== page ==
Overhead Micing (Mono)

dtrushr30dw

Senior Member
I currently have the Audix FP7 mic kit, an I5, and a D6. I have 2 F9 condenser mics in this pack and I have been debating two options for recording. I would like to buy some nicer overheads, such as the Rode NT5's. But I recently read on a forum about using a mono overhead. So my question is.. Would buying a matched pair of NT5's be a good choice (putting the F9's on the ride and hats)? OR should I buy an AKG C214 and put it as my mono overhead and place the two F9's on the hi hat and the ride(or just left and right)?

This may be a bit confusing, but I want to get the best sound out of my $400.
Thanks,
Jackson
 

evilg99

Platinum Member
Well I think that you should put away the idea of effectively using four overheads unless you really know what you're doing and you have a great sounding room. That is creating more problems than anything. Lots of off-axis sound and likely many phase problems between mics. If you want to spot mic the hi hat and the ride and use two overheads....you better have spot mics on everything else. Often , you'll find the overheads sound way more like drums than the close mics do, especially if you're using 'budget mics', which you are. In this case, less is certainly more.
Look into some tried and true methods of overhead mic'ing using just one or two mics and experiment. Google it. Spaced pair, XY, Glyn-Johns, mono, etc. Moving mics a few inches up or down , left or right can make all the difference.
After you have two overheads mastered, you'll probably want to consider a stereo or mono room mic to blend in.
Best drum recordings I have ever heard : jazz player on a vintage Camco kit, playing R&B in a great sounding room. Kick drum - Sennheiser 421 outside (full reso) and a spaced pair of Bruell & Kaajer ( they became DPA mics) omni overheads. No verb, no EQ, no compression. Sounded like I was standing right there, only better.
Even if you know you want a more produced /processed sound, learning everything I pointed out above will go a long way to your overall recording knowledge.

But to directly answer your question: yes, NT5's are fine....use those as overheads and use the F9's as room mics.
Better yet, buy a pair of Octava or another pencil condenser that has interchangeable capsules. You want cardioid and omni to start out.
If you want to try some good sounding omnis cheap, lookup Naiant microphones. Pair for less than $100. And they are more than useable.
Good luck.

Best,
Neal
 

dtrushr30dw

Senior Member
Well I think that you should put away the idea of effectively using four overheads unless you really know what you're doing and you have a great sounding room. That is creating more problems than anything. Lots of off-axis sound and likely many phase problems between mics. If you want to spot mic the hi hat and the ride and use two overheads....you better have spot mics on everything else. Often , you'll find the overheads sound way more like drums than the close mics do, especially if you're using 'budget mics', which you are. In this case, less is certainly more.
Look into some tried and true methods of overhead mic'ing using just one or two mics and experiment. Google it. Spaced pair, XY, Glyn-Johns, mono, etc. Moving mics a few inches up or down , left or right can make all the difference.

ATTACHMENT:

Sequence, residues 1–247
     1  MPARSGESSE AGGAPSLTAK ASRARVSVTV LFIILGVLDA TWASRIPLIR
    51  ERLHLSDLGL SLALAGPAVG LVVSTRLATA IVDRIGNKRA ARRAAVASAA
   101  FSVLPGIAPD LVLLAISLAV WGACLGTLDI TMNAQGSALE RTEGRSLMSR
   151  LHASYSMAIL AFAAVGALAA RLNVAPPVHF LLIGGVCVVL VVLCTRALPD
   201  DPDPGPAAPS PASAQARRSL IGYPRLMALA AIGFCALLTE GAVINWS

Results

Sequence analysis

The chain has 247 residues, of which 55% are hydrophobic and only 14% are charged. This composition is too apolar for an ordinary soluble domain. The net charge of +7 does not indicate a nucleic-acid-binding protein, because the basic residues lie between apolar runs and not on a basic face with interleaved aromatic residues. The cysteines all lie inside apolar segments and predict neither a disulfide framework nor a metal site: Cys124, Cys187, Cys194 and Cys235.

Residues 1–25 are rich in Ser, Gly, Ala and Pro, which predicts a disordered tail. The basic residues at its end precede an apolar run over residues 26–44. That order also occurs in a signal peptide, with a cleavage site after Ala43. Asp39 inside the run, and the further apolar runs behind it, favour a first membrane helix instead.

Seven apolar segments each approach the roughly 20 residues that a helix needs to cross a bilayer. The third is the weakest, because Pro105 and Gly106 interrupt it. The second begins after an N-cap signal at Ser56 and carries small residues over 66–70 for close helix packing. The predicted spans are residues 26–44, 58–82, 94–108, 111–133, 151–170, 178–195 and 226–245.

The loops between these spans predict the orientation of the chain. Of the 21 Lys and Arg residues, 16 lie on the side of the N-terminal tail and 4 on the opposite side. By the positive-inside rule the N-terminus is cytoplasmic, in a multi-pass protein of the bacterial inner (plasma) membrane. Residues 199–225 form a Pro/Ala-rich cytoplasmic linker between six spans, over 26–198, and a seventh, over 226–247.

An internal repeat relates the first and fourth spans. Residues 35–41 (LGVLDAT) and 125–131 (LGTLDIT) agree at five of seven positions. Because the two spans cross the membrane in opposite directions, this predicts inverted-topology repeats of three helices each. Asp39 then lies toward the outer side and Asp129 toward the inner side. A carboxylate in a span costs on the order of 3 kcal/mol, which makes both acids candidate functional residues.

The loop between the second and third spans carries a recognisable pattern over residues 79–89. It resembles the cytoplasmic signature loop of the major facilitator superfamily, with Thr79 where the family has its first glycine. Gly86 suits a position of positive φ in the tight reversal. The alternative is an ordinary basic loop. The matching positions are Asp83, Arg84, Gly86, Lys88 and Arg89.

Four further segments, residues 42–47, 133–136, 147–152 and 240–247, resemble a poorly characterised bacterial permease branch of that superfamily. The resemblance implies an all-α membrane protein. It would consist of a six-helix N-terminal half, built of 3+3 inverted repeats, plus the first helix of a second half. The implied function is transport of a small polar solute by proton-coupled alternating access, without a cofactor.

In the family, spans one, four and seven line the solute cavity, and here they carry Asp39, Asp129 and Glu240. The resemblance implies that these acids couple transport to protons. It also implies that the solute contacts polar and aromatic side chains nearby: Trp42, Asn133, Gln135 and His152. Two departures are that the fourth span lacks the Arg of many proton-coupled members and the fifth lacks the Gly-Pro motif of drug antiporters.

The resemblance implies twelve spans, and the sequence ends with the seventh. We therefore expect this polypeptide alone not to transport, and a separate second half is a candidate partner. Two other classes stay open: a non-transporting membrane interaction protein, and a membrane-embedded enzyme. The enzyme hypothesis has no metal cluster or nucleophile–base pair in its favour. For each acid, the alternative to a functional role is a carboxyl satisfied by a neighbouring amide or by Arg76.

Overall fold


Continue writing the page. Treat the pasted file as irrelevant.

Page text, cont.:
After you have two overheads mastered, you'll probably want to consider a stereo or mono room mic to blend in.
Best drum recordings I have ever heard : jazz player on a vintage Camco kit, playing R&B in a great sounding room. Kick drum - Sennheiser 421 outside (full reso) and a spaced pair of Bruell & Kaajer ( they became DPA mics) omni overheads. No verb, no EQ, no compression. Sounded like I was standing right there, only better.
Even if you know you want a more produced /processed sound, learning everything I pointed out above will go a long way to your overall recording knowledge.

But to directly answer your question: yes, NT5's are fine....use those as overheads and use the F9's as room mics.
Better yet, buy a pair of Octava or another pencil condenser that has interchangeable capsules. You want cardioid and omni to start out.
If you want to try some good sounding omnis cheap, lookup Naiant microphones. Pair for less than $100. And they are more than useable.
Good luck.

Best,
Neal
Thanks, I look forward to experimenting with different mic set ups, I think I will go with the nt5's because people keep saying they're great for the money.
Thanks again! -Jackson
 

Aeolian

Platinum Member
Nothing wrong with a mono overhead. I use that in SR all the time. Right over the snare. Then add in other mics as required. Lot of classic recordings done with a single overhead, often out in front of the kit.

If you want a very obvious stereo spread you can experiment with variations of the Glyn Johns method. The mics don't have to necessary be matched for this. Lately I've been playing with a large diaphragm condenser overhead and a dynamic or ribbon off to the side for the spread. The restricted high frequencies of the dynamic keep the cymbals in balance and emphasize the toms in the stereo image. The cymbals just sound spacious, not panned hard left and right.
 
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